CASPER, Wyo. — On Saturday morning, Samantha Moravetz stood in what will be the living room of her home in the new Harris Crossing subdivision.
“We did the siding on my house, we framed it out, we did the painting, and I got to help with all of it,” she said.
This moment was unthinkable for Samantha just a few years ago, when she and her young son were living in an assisted housing apartment while struggling to pay off $17,000 in medical debt after a car accident.
A longtime friend had recently moved into a new Habitat for Humanity home and encouraged Samantha to apply. After five attempts, she was finally selected in 2020.
“We started construction on my house on Nov. 20, 2021,” she said. “It’s been an amazing journey, and I get to help everybody else build theirs.”
Habitat for Humanity, the Heart of Wyoming’s Harris Crossing is an entirely new subdivision on a plot of land that before 2017 was just a field of grass. It sits next to established neighborhoods in southern Casper just west of Beverly Street, and is a significant departure from previous projects. Three houses are currently under construction, and when they’re done, the total number of houses on the cul-de-sac will be 13.
Habitat for Humanity, the Heart of Wyoming’s sole mission is to provide a home ownership path to families of low to moderate income, according to executive director Tess Mittelstadt.
“They build their own home, they purchase their home with an affordable mortgage, and then they’re a homeowner,” she said.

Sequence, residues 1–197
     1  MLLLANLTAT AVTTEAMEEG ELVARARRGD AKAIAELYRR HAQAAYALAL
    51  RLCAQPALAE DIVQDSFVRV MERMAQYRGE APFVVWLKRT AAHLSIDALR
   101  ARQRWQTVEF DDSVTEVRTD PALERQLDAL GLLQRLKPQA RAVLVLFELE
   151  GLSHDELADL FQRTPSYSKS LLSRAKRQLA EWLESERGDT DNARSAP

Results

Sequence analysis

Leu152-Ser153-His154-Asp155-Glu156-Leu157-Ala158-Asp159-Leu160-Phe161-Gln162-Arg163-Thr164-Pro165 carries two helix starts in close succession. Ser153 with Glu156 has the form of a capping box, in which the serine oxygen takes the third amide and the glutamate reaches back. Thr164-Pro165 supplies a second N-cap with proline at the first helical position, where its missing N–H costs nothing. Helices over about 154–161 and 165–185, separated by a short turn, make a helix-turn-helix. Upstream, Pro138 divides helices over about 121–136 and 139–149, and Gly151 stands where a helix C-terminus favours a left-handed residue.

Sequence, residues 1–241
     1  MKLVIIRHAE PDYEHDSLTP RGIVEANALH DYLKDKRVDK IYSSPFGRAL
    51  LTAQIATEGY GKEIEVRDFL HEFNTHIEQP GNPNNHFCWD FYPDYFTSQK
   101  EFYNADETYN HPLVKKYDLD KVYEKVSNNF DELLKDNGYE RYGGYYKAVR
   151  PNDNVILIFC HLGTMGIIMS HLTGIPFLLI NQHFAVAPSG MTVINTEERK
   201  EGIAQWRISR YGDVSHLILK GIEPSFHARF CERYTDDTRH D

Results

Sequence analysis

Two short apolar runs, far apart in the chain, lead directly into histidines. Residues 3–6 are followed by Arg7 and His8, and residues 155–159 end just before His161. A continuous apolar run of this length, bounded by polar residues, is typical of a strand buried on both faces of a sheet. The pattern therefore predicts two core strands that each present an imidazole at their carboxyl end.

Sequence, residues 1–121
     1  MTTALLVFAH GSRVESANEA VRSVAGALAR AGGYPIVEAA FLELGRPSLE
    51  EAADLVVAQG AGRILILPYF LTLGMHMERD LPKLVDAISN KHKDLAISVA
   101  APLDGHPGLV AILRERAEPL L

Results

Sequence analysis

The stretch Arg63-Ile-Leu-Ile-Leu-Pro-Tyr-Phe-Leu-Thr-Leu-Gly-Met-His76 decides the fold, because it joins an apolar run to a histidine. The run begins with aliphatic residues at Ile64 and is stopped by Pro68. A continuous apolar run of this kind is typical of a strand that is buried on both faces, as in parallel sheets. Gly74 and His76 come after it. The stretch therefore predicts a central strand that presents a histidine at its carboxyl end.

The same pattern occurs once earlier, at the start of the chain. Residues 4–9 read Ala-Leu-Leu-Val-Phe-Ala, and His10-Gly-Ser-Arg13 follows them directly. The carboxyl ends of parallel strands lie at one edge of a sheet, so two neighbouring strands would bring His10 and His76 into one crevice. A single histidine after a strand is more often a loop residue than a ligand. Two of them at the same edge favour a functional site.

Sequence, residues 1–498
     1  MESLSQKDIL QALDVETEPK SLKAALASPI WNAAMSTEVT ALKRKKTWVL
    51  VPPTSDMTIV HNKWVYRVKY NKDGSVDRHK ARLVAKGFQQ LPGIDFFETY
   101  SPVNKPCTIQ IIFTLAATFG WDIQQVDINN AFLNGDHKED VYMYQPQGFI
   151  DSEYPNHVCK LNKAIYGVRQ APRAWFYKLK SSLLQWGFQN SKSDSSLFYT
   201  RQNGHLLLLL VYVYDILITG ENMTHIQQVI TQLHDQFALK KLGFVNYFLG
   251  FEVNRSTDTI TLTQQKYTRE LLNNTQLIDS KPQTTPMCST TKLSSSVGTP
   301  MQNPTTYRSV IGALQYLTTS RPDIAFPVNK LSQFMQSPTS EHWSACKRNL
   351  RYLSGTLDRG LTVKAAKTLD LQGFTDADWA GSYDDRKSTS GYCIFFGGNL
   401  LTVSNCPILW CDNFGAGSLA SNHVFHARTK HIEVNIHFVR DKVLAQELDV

There are more than 1,100 Habitat for Humanity affiliates in the nation, said Tess, and Wyoming’s is its own nonprofit. “I think it’s very, very important that people understand we’ve been able to build the Harris Crossing subdivision because of funding we’ve received from Natrona County,” she said.
The qualifications for a Habitat home are narrow, according to Tess. “We’re trying to connect with that specific group of people who have financial stability, but can’t make the jump to homeownership.”
After a candidate is approved, they have to provide a minimum of 150 hours of work on a home, which doesn’t necessarily need to be their home. They’re led by Habitat’s construction manager Shawn Martz, who also oversees the house designs. Numerous other volunteers routinely help on projects, while electrical and plumbing is handled by licensed contractors.
Families who are accepted in the Habitat program are typically renting in income-restricted housing, Tess said. Part of Habitat’s goal is to free up space in rentals by offering new housing to families. “We believe that everything’s a little bit of a continuum,” she said.
Habitat homes were typically built on “infill” plots, sometimes with older homes that were moved onto the plot of available land. “That had more to do with access to property,” Tess said. “Prior to 2017, my predecessor had had this kind of vision of what we could do if we didn’t have one lot, but we had many lots in the same location.”